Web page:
How To Deal With Anxiety In Recovery From Addiction
You don’t understand… Those are the words addicts first use when I get them to open up about their problems with anxiety. I smile. 

Looking at me now, you wouldn’t guess that I was among the first to begin shopping online because going to the mall was too much for me or that I sometimes made my assistant make simple phone calls for me when I was too scared to make them myself. And you probably wouldn’t imagine that at almost fifteen years of recovery from alcoholism, I still struggle from anxiety from time to time, but I do.

Anxiety is just fear, usually irrational, though its irrationality doesn’t matter much when you’re experiencing it. 

In my case, I was terrified that somehow, some way, I had misunderstood and that my father wasn’t really dead, but was going to find me and hurt me as he had when I was a child. He was dead. I knew it. My brother had been to the funeral and I had been to the grave. But I was still terrified.

A lot of it was PTSD, a heightened startle response that made me jump out of my skin if anyone walked behind me or touched me on the shoulder. There were times I got so scared that I locked myself in my bedroom and prayed every prayer I knew of protection for the door so that he could not come in. And yes, I was stone cold sober. Drunk, my father couldn’t hurt me because I felt nothing. Sober, my world felt fragile and I felt weak and vulnerable.

Now, my issues with anxiety are predominantly limited to flights of great duration. Today, I am able to go where I want to go, sit where I want to sit, and speak to whomever I need to speak to without issue. What made the change?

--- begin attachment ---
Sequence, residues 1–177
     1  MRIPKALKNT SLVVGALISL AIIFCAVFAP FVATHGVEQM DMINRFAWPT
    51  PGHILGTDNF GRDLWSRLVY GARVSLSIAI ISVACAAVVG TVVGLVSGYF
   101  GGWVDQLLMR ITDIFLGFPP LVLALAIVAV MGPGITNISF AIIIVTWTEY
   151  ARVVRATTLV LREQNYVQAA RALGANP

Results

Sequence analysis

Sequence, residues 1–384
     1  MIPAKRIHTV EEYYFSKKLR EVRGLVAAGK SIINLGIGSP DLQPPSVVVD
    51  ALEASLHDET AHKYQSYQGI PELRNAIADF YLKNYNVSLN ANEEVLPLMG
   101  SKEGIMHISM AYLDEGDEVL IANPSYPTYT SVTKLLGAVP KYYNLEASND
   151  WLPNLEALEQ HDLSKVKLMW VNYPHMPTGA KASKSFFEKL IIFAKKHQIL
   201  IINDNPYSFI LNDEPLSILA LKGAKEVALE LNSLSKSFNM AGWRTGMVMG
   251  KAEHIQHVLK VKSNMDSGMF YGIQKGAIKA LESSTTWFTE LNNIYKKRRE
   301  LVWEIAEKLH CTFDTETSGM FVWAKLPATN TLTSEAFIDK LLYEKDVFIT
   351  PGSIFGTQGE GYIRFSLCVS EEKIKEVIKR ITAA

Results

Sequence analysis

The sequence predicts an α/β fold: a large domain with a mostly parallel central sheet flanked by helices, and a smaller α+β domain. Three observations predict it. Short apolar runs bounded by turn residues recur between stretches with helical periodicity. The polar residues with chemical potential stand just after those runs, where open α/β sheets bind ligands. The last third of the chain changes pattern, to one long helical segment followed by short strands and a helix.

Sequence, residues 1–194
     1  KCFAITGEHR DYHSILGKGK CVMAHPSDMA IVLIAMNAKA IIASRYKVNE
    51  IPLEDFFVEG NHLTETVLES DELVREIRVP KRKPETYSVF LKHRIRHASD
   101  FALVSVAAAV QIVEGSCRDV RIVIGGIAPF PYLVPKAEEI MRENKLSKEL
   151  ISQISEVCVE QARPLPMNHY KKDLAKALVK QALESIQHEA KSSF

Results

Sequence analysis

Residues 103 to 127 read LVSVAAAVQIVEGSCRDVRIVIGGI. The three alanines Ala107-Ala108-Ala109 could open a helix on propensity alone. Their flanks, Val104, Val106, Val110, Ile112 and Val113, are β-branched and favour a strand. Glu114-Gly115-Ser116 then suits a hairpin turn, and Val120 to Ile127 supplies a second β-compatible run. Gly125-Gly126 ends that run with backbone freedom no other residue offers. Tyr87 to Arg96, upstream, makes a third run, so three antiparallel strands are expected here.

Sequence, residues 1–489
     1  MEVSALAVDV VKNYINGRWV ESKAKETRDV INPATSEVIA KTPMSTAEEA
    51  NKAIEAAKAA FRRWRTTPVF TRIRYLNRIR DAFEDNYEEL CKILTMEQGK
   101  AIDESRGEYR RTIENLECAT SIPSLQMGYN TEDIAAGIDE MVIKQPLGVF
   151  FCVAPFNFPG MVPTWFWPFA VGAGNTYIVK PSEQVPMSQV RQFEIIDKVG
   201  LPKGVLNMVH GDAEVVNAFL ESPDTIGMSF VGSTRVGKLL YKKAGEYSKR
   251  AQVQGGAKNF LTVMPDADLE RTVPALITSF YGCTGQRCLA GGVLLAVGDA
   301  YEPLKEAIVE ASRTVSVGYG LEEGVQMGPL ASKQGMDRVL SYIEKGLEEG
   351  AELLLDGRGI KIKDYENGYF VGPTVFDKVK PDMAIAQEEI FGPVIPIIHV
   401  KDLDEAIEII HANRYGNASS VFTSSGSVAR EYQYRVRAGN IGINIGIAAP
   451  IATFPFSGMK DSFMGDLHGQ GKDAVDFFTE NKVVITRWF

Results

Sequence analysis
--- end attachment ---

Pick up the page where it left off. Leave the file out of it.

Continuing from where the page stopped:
Here are some of the tools I used to live a nearly-anxiety-free life:

1. I remind myself of the now. 

My biggest fear when I first got sober was of my father. I had to remind myself that I was no longer a little girl, but an adult women capable of caring for myself. My father was not going to return from the dead and I was competent to meet any real-word challenges I faced. It took a lot of self-talk and I wasn’t always successful, but in time, I was able to self-soothe by being in the now.

2. I put my feet on the ground. 

My desire when I’m scared is to get into bed and pull the covers over my head – literally. I did that a lot, but it caused my anxiety to race out of control. Instead, I learned to put my feet on the ground. Doing so put me firmly in my surroundings. Was there something truly to be afraid of? No. There was not. Then, with some deep breathing, I would be able to pick up and nip an anxiety attack in the bud.

3. I talk to a friend. 

When I begin to feel anxious, I tell someone. Usually, I call a friend or tell a person that I’m with. We will quickly get to the root of what I’m anxious about and generally laugh about it – because what I fear is never real. Laughing helps a lot; refusing to live in isolation helps more.

4. I take it easy. 

Very rarely, anxiety does creep up on me. It can be frustrating, but I don’t give the fear too much power. I know what it is and that it will pass. I am gentle with myself. I’ve done my very best and sometimes old traps get sprung. This too is okay – because I have experience that tomorrow, or maybe even the next hour, will be better.

Photo Credit: Shutterstock.com

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About the Author

Constance Scharff has a Ph.D. in Transformative Studies, specializing in addiction recovery.  She is the Addiction Researcher and Transformative Studies Scholar at Cliffside Malibu Treatment Center, a researcher with the Institute for Creative Transformation, and the world’s leading expert on using ecstatic spiritual experience to maintain long-term sobriety.  Co-author of Ending Addiction for Good with Richard Taite, Dr. Scharff writes for a variety of journals and speaks to healing professionals on helping addicts in recovery maintain their sobriety.  She has also traveled extensively in Asia, Africa, and North America, learning how to help individuals evoke life-transforming spiritual experiences and use those experiences to heal addictions and trauma. 

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